The area around Sutton Harbour is known locally as The Barbican and is a magnet for both visitors and locals alike.
This is the oldest, and most atmospheric, part of the city and, as you’ve probably already guessed, its name comes from the fortified entrance that once protected the castle on Lambhay Hill.
Both have long since disappeared, but the area is still the historical core of old Plymouth where many maritime adventures started from and returned to, including the Mayflower.
The area was the haunt of Drake, Hawkins, and Raleigh and the layout of the streets hasn’t changed that much since. It’s apparently got the largest concentration of cobbled streets in England and over a hundred listed buildings.
The houses were originally built for wealthy merchants (I prefer to call them privateers), but as time moved on they became slums. The Elizabethan House in New St which is open to the public, housed over fifty people at one time, although a house further up the street housed sixty, and they’re not large houses by any stretch of the imagination.
Eventually of course many of these buildings had to be demolished, and I’d like to be able to tell you that they were replaced with something better, but I’m afraid I can’t.
Many ships carrying settlers and explorers have left Plymouth’s Sutton Harbour over the years, but The Pilgrim Fathers’ journey on the Mayflower in 1620 resonates with the city more than any other.
There’s a Mayflower St, Mayflower College and a Mayflower Centre. Plymouth Argyle, the local football club, has a Mayflower Stand and call themselves The Pilgrims, with Pilgrim Pete as their mascot. So what makes the Pilgrim Fathers and The Mayflower so special to Plymouth?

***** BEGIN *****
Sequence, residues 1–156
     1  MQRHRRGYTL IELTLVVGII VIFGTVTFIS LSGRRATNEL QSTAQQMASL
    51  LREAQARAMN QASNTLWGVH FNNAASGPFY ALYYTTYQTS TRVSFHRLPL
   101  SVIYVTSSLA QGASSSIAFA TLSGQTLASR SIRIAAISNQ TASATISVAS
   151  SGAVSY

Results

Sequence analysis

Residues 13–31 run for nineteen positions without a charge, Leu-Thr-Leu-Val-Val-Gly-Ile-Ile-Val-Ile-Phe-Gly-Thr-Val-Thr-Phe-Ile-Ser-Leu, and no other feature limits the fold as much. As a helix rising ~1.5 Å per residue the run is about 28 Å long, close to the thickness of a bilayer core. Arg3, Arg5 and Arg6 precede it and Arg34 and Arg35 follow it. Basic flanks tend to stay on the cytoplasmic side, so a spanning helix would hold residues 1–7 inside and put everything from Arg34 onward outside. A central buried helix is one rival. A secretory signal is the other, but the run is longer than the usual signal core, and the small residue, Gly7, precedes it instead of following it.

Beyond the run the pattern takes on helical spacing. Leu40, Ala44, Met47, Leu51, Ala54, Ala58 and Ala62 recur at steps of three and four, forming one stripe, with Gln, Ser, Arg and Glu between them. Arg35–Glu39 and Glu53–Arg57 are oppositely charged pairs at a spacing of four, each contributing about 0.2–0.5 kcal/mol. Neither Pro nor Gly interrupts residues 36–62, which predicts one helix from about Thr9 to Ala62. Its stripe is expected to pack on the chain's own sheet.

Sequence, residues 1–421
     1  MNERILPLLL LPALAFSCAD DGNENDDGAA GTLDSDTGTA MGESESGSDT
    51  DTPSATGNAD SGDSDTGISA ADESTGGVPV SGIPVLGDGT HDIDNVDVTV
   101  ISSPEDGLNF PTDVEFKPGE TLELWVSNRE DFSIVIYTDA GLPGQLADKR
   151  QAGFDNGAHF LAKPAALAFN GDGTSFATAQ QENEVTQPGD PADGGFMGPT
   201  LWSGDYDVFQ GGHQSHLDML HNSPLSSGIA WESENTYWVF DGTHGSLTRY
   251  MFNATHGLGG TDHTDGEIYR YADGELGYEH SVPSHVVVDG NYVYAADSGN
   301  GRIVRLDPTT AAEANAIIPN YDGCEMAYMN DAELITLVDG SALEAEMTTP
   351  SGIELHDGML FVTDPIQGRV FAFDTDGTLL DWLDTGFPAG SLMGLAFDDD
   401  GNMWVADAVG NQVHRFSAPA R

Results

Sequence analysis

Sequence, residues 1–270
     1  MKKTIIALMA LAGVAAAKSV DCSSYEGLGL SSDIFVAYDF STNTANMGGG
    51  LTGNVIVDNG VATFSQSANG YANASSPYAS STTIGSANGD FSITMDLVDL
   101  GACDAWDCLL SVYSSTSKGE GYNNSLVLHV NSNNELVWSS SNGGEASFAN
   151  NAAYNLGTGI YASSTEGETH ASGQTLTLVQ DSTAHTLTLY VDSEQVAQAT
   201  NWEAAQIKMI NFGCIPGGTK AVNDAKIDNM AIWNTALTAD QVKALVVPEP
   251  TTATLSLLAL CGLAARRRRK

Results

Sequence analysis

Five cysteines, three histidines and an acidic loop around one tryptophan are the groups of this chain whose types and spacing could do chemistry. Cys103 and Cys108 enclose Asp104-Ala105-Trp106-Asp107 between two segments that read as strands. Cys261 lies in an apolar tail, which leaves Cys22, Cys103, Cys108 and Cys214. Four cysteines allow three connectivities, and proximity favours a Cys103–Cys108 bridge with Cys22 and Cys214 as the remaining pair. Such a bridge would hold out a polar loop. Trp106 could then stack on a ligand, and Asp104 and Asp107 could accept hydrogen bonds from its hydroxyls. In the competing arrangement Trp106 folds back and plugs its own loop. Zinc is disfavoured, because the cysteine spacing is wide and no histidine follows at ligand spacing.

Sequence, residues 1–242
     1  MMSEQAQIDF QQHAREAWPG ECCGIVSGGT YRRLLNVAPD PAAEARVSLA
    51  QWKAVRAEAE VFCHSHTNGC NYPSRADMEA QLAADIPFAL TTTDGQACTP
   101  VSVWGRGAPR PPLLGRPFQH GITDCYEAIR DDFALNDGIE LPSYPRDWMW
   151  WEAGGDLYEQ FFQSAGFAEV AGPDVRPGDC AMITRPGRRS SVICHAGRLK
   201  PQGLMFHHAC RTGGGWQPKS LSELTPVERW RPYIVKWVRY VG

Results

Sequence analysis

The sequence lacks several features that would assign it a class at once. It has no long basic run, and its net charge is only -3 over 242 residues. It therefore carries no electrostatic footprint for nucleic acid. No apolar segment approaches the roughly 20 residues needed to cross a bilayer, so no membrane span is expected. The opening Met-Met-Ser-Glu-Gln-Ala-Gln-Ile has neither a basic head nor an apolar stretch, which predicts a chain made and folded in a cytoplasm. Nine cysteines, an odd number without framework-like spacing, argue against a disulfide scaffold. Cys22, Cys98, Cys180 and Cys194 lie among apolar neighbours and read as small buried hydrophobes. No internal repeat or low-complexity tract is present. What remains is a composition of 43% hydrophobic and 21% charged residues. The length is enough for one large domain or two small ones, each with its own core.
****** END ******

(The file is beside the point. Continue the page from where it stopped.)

The story begins when a band of English nonconformists, who rejected the laws of the Church of England, decided to seek religious freedom elsewhere. The first part of their journey took them to Leiden in The Netherlands, but finding it difficult to settle there, they left Delfthavn (Rotterdam) on a boat called ‘The Speedwell’ for America. The Speedwell joined up with more English passengers in Southampton who were on board ‘The Mayflower’.
The Speedwell sprang a leak and both ships put in at Dartmouth to ensure they were ship-shape before attempting to cross the Atlantic. They didn’t get far before The Speedwell sprang another leak, and both ships turned back to Plymouth. It was just The Mayflower therefore that sailed out across the ocean looking for a new life.
Their intentions were to aim for North Virginia but were blown off course and eventually landed at Cape Cod (Massachusetts). They named their new settlement Plymouth, and although only half of them had survived by the time the first winter was over, the rest remained, and today Plymouth is regarded as the oldest permanent European settlement in the United States.
The survivors held a thanksgiving feast the following year which is commemorated by Americans every 4th Thursday in November.
If you’ve read my previous post, Plymouth’s Origins and Layout, you’ll realise that Sutton Harbour is where Plymouth was born.
In around 700AD Anglo Saxon mariners settled and created a small fishing community which they called Sutton (South Town).
From these humble beginnings Sutton Harbour has grown into one of the three largest fishing ports in England (the other two being Brixham and Newlyn).
The old fish quay on The Barbican has now relocated to more modern facilities on the eastern side of the harbour, but there’s more to the harbour than fishing.
This is the harbour where Sir Francis Drake organised his fleet to attack the Spanish Armada, where the Pilgrim Fathers set sail for America, and where Sir Francis Chichester landed after completing his epic solo voyage around the world.